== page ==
Trainer Per Henriksen is old enough to know that you’re never too old to take a shot in the Breeders Crown.
The 70-year-old native of Norway, who is based out of Norwood, Ontario, is back in this year’s Breeders Crown presented by Mullinax Ford at the Meadowlands in New Jersey on Saturday night, seven years since he last raced in the championship event.
He sends out Muscle Hustle in the $500,000 Three-Year-Old Colt Trot, a race stacked with some solid contenders, including Bar Hopping, Southwind Frank and Marion Marauder, each of whom has won some prominent stakes races this season.
Muscle Hustle has been a topnotch horse this season on the Ontario Sires Stakes circuit, including setting a Canadian and OSS record on a five-eighths mile track, banking almost US$200,000 in 14 starts.
The horse was sent to Henriksen as a two-year-old by Robert Bergh, Sweden’s top trainer, who was having some issues with the son of Muscle Mass. Henriksen is considered somewhat of a horse whisperer because of his ability to figure out the head cases. In the case of Muscle Hustle, Henriksen decided to put trotting hopples on the colt early in his career. This will the last time Henriksen harnesses the colt, who is scheduled to be sent back to Sweden after the Breeders Crown.
“If I didn’t think my horse had a shot to win, I would not spend $7,500 for to go in the race,” he said.
“It’s always a pleasure going back to the Breeders Crown when you have horses that you think are good enough to compete. I thought I had three that were good enough to compete, but I got one to the final and he qualified really good (with driver Chris Christoforou) and Chris said he’s as good as any of these horses with the right trip. We drew the five hole, which is good, so we’re optimistic.”
Henriksen has had 22 previous starters in the Breeders Crown for $1.2 million in earnings and has won three times, all in the Three-Year-Old Filly Trot: Expressway Hanover in 1993, Oolong in 1999 and Southwind Serena in 2007. Expressway Hanover and Oolong won at short prices, Southwind Serena at 50-1. She is notable for being Yannick Gingras’ first Crown win and is also the dam of the world champion and Breeders Crown freshman winner Mission Brief.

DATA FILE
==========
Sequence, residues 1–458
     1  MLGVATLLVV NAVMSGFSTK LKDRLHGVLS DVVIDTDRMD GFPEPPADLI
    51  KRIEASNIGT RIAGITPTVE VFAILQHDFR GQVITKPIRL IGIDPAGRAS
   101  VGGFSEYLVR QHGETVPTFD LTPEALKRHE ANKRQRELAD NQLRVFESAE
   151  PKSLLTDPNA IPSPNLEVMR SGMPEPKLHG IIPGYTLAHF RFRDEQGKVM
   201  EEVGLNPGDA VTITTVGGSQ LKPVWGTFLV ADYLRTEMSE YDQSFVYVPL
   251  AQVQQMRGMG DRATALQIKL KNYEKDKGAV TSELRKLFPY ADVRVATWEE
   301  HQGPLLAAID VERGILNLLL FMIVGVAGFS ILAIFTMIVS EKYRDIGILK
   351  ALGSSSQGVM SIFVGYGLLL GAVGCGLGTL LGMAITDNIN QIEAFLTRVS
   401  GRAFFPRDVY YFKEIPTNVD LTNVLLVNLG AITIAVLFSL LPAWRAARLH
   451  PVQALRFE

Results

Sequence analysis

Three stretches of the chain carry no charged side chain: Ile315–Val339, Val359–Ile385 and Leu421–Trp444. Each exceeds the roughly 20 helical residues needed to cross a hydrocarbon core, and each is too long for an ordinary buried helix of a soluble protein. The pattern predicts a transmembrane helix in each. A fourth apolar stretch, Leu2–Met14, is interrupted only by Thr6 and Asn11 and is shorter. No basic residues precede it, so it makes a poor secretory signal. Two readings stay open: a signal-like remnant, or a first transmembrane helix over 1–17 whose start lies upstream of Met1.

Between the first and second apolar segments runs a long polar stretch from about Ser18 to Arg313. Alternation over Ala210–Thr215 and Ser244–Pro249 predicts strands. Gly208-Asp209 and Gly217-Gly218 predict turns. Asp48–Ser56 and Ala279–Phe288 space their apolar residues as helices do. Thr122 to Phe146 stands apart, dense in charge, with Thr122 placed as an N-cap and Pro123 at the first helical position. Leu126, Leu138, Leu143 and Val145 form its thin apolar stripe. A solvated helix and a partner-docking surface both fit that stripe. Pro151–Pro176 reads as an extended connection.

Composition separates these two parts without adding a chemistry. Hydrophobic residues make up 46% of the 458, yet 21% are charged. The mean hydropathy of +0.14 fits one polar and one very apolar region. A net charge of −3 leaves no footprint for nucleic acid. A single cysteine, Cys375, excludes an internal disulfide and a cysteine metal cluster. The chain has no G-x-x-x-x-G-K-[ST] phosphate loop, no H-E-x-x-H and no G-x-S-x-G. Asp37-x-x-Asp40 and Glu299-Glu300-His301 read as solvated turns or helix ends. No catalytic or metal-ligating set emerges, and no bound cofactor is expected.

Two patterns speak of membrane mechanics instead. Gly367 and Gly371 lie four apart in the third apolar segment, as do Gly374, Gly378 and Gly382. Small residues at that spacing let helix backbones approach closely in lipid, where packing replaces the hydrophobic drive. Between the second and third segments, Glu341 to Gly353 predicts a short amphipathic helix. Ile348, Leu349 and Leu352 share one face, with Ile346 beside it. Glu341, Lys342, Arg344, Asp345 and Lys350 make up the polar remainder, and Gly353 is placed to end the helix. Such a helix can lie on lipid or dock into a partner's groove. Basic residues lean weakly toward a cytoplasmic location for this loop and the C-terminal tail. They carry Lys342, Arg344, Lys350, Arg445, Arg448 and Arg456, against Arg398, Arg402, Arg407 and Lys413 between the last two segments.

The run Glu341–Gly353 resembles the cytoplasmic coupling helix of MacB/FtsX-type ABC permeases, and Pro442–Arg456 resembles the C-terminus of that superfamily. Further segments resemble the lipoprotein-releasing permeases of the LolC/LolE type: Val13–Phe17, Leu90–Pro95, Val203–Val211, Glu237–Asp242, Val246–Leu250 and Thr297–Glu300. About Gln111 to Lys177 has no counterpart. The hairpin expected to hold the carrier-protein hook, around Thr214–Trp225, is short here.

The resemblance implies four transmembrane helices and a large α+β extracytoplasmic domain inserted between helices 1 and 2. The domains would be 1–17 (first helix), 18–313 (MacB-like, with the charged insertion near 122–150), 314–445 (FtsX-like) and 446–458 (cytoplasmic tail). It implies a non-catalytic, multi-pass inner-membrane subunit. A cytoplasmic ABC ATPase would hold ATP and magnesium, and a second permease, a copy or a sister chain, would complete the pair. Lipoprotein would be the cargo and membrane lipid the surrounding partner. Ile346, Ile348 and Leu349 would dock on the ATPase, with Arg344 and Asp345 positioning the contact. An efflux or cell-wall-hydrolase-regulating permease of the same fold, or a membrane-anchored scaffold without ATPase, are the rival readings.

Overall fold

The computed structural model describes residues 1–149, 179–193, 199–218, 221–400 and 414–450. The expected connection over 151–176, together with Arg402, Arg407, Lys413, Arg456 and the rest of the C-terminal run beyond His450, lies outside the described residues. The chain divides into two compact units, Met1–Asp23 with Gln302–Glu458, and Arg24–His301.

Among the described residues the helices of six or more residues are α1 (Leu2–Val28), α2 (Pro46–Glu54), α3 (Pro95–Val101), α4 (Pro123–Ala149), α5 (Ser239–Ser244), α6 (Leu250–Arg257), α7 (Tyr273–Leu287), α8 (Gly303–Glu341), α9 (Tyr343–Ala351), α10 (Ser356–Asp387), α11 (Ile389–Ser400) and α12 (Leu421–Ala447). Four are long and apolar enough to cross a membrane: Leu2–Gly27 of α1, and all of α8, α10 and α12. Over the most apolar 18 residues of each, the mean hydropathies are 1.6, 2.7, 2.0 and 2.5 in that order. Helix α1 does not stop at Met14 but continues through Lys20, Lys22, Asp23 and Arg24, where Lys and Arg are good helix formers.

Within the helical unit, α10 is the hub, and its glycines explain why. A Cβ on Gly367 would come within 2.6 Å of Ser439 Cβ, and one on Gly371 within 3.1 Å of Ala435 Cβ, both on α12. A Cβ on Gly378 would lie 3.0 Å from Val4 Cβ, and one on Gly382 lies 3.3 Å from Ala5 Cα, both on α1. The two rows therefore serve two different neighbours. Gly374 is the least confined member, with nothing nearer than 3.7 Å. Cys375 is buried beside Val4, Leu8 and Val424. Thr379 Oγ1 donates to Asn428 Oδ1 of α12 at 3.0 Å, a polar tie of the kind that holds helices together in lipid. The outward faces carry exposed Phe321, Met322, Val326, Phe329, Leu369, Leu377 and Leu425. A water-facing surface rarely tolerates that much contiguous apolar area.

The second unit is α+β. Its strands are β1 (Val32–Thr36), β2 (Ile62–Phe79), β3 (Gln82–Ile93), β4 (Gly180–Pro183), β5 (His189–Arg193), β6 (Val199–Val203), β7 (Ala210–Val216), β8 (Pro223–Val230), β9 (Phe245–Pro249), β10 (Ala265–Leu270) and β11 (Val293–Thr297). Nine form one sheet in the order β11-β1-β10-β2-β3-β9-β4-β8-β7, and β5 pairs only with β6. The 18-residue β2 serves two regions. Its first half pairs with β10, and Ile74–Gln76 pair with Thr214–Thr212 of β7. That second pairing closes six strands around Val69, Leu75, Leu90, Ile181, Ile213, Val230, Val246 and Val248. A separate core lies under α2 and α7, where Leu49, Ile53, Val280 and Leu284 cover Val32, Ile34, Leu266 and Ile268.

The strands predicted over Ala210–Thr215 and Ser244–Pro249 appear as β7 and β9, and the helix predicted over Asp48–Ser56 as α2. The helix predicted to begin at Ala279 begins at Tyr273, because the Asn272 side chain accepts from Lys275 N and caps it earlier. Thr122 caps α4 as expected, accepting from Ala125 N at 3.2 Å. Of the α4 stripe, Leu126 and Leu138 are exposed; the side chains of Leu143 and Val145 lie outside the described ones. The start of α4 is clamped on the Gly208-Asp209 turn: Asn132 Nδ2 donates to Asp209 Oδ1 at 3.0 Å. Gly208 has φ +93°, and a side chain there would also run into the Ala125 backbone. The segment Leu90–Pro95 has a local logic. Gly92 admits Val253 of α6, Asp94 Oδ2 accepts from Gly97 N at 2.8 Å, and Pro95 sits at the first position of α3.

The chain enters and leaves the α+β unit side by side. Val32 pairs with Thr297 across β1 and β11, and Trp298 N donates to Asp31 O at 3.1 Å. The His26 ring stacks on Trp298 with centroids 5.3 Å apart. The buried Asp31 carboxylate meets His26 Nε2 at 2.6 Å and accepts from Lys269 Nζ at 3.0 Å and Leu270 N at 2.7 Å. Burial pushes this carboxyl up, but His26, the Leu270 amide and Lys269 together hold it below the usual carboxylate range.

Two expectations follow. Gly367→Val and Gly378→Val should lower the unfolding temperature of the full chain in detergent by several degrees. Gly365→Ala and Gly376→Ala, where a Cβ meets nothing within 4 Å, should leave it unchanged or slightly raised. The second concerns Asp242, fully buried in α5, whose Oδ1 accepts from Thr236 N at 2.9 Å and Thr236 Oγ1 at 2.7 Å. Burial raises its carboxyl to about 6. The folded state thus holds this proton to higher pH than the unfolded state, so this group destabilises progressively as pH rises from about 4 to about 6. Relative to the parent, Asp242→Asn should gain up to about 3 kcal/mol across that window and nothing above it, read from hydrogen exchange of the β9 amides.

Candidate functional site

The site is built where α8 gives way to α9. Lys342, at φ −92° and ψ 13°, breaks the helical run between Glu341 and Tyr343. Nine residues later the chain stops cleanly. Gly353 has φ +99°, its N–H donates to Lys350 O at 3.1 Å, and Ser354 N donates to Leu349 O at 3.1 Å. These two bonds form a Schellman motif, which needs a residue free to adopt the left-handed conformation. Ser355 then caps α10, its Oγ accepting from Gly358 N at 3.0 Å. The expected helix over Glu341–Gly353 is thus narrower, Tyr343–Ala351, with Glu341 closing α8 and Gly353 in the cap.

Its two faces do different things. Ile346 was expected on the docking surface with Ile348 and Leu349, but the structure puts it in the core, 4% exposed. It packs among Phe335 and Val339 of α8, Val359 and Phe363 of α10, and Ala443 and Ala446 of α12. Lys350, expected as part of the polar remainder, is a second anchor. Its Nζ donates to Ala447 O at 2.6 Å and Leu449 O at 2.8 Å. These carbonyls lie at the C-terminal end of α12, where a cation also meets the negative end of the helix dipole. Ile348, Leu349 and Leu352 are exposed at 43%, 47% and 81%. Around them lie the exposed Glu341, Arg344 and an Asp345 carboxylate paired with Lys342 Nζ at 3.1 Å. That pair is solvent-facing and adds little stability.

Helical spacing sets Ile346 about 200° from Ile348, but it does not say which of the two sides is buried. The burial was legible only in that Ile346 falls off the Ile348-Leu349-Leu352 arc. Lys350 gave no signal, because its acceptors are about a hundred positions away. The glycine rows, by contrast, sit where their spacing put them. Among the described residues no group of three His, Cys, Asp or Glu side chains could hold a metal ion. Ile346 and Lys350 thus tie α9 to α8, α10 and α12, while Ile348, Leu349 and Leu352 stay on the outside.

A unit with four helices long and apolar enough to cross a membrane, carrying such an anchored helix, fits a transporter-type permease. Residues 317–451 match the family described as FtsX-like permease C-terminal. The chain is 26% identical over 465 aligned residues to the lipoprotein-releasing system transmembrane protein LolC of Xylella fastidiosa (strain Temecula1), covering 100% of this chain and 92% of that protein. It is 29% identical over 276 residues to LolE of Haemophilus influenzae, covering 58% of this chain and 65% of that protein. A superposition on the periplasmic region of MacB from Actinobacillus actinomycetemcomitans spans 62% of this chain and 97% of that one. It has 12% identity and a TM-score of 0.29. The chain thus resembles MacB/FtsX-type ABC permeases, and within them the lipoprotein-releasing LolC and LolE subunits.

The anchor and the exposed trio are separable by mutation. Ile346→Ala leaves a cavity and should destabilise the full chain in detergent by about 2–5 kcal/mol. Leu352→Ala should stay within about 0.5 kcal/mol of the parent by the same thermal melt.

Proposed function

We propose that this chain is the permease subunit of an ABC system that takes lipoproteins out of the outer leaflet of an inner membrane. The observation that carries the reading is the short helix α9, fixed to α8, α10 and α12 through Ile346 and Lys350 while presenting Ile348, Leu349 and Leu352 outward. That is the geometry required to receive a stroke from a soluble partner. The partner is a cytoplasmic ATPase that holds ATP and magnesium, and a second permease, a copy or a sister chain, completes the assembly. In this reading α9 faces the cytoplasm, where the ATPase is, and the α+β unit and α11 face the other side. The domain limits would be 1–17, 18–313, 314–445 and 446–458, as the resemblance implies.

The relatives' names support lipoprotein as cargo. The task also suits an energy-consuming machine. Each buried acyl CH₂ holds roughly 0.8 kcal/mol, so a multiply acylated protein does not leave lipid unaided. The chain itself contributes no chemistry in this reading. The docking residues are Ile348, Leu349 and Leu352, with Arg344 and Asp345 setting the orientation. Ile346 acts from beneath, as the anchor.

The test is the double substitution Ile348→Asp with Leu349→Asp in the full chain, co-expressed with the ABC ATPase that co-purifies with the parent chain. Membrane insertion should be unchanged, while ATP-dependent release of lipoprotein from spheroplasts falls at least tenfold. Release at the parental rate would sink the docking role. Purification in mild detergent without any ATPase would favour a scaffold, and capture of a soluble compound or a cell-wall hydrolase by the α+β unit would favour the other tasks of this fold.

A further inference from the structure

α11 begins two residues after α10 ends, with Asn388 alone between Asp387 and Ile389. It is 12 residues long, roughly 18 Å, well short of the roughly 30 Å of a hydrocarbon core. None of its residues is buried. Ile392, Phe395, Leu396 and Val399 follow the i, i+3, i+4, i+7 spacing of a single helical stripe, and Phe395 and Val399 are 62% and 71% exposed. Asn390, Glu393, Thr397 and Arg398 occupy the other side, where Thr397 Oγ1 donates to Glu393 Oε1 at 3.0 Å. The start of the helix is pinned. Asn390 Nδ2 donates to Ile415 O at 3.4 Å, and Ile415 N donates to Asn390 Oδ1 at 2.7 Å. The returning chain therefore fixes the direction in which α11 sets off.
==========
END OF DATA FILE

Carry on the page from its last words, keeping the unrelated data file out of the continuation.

“Any time you can win a Breeders Crown it means a lot, there’s no doubt about that,” Henriksen said. “That’s something special. Yes, I’ll take a new owner if they pop up with a good horse, don’t misunderstand me. Not that I need it, that’s not the point. I’m 70 years old. I just don’t want to live in a tent when I’m done doing this.
“I just had a (physical) and the doctor said he couldn’t find anything wrong with me. He said, ‘Per, you’re like a 55-year-old – your heart rate, everything. You don’t have any aches or pains. You’re so lucky, you don’t know how lucky you are.’
“If I can win the Breeders Crown, it will be such a pleasure, most of all for the people around me who support me all the time – my owners, my support staff. It’s not going to change my lifestyle, let’s put it that way, but it’s a joy.
“It would mean a lot to me to win, especially with Robert Bergh,” he added. “He’s my friend. I’ve sent horses to him in Sweden as four-year-olds when I thought they were better off there than in North America. Muscle Hustle struggled with an allergic problem all summer and all fall. He was supposed to go to the Hambletonian and I thought I had a really good shot, but he got an allergy. We got him on some serum but it didn’t help him enough. I think this horse is good enough to go with any of them. If he’s 100 percent and on his game and gets the right trip, he can beat any of them.”
This has been an interesting year for Henriksen. He won the Ahlsells Invitational driver championship for legends of the sport in Sweden.
“That’s a sign that you’re getting old when you get invited to a legends’ race,” he quipped.
He also posted his 1,000th career training win in North America.
“It feels good (winning 1,000). At my age, everything feels good,” he said. “I had the two best three-year-old trotting colts in Ontario this year with Muscle Hustle and Bee In Charge. I had another one, Blenheim, that was knocking on the door in the Grand Circuit. How often do you get a trio of three-year-old trotting colts that can compete on the Grand Circuit? One won $300,000 and the other one about $200,000. I can’t complain.
“To get those kind of horses to train is just a pleasure. Two of those horses were ones that other people couldn’t get going and that gave me even more joy.”
Henriksen came to North America from Europe in the 1980s and won the 1986 Hambletonian with Nuclear Kosmos. He was voted the O’Brien Award for Horsemanship in Canada in 2009 when he won more than $1.6 million as a trainer – his third $1 million season in a row – and almost $700,000 as a driver.
He has been cutting back on his drives in the last two years, steering young horses to figure them out and then turning them over to catch drivers.
“I like to drive my two-year-olds for awhile to take care of them,” he said. “In my opinion a horse is like a bar of soap. There’s only that many washes in it. If you use it too hard early, there’s nothing left at the end. Anybody can correct me if they think I’m wrong, but I think I can keep some of these horses trotting when they may break stride with catch drivers. I might not be able to make them go that fast. I might lose a fifth of a second, but most of the times you’re better off going a fifth of a second slower and keep them trotting.”